2016 Texas Republican Platform - Part 13, Misc / Weird
This entry is part of a series taking a look at the latest Texas Republican Party Platform. For a list of all entries in this series, go to the Introduction. This entry covers weird and other miscellaneous planks that didn't fit in any of the other categories I discussed.
Texas Electric Grid - We urge that the Texas Legislature pass legislation to harden the Texas Electric Grid against: 1. Cyber attacks on the grid's computerized command and control system. 2. Physical attacks on substations and major high voltage transformers. 3. Geomagnetic storms created by solar flares from the sun. 4. Electromagnetic Pulse (EMP)
Wow. That's a really good one that I'm surprised to see. Here are two articles from Bad Astronomy about solar flares and coronal mass ejections, The 2012 Solar Disaster That Almost Was and When the Sun Went Medieval on Our Planet. A 'small' solar storm in 1989 caused a blackout in Quebec. A huge coronal mass ejection 2012 went off in a direction from the Sun away from Earth, but it would have been really bad if it had hit us - probably causing somewhere around $2 trillion in damage, and putting some regions into power blackouts for months until all the equipment could be repaired, not to mention knocking out a bunch of communication and other satellites. The White House at least has a plan for a warning system that would give us a few hours to prepare and start shutting down certain systems to protect them in such an event in the future, but upgrading all the hardware to protect against that type of event is a good idea (ScienceAlert.com - The White House is prepping for a huge solar storm that could kick us back into the Dark Ages).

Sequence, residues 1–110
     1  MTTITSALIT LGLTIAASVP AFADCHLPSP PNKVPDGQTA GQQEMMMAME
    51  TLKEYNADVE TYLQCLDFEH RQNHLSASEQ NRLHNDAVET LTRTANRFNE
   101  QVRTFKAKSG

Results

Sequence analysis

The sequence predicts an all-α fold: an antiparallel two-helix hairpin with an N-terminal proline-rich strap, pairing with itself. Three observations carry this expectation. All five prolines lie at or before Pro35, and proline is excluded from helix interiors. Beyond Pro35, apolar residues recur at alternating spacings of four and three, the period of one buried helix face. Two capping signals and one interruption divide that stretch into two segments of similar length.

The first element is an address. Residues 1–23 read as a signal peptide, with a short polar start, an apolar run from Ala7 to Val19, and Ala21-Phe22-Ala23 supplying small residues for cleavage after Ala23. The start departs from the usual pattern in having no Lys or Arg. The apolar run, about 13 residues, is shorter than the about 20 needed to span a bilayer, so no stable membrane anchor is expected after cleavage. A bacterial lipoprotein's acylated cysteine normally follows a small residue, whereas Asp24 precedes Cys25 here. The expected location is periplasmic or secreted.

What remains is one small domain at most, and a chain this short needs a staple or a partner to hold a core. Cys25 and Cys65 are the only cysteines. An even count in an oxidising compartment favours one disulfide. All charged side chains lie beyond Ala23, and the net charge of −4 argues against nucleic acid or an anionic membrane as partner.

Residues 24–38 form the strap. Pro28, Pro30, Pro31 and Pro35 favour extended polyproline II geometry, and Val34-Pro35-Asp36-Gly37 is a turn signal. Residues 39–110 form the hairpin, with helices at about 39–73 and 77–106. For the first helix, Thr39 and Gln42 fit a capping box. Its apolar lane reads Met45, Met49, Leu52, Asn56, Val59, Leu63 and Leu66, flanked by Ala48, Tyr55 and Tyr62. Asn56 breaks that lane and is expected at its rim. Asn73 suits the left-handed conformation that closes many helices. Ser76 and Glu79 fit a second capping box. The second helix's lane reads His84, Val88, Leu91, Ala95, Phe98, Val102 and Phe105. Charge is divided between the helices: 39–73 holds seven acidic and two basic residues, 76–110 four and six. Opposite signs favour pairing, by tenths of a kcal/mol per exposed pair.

Smart Meters- The Republican Party of Texas supports a no-cost opt out for all Texas PUC customers and the phase out of Smart Meters aka Advanced Meter Infrastructure to be replaced with mechanical, non-transmitting analog meters when software upgrades are required or the computer smart meters require replacement due to mechanical failure or model upgrade requirements.
This plank may seem merely odd at first blush, but it's really strange if you remember the platform from two years ago. In 2014, they said "Our opposition [to smart meters] is based upon security, property damage, energy inefficiencies, privacy, health issues, and the use of Smart Meters to ration electricity." And if you browse around the site, TexansAgainstSmartMeters.com, you'll find concerns like "harmful and illegal programs which attempt to force you to accept dangerous policies such as vaccinations and spying/transmitting utility meters". The motivation for this planks is well into conspiracy theory territory.
Except for non-citizens, we further oppose any national ID program, including the Real ID Act and the use of Radio Frequency Identification Chips (RFID) on humans.
I'm not shocked by this now only because I've seen it in their past platforms. To repeat what I've written previously - Is it something to do with the urban legend about the Affordable Care Act requiring RFID chips, or some crazy Mark of the Beast conspiracy theory? It seems like the type of warning you'd get from a crazy street corner preacher.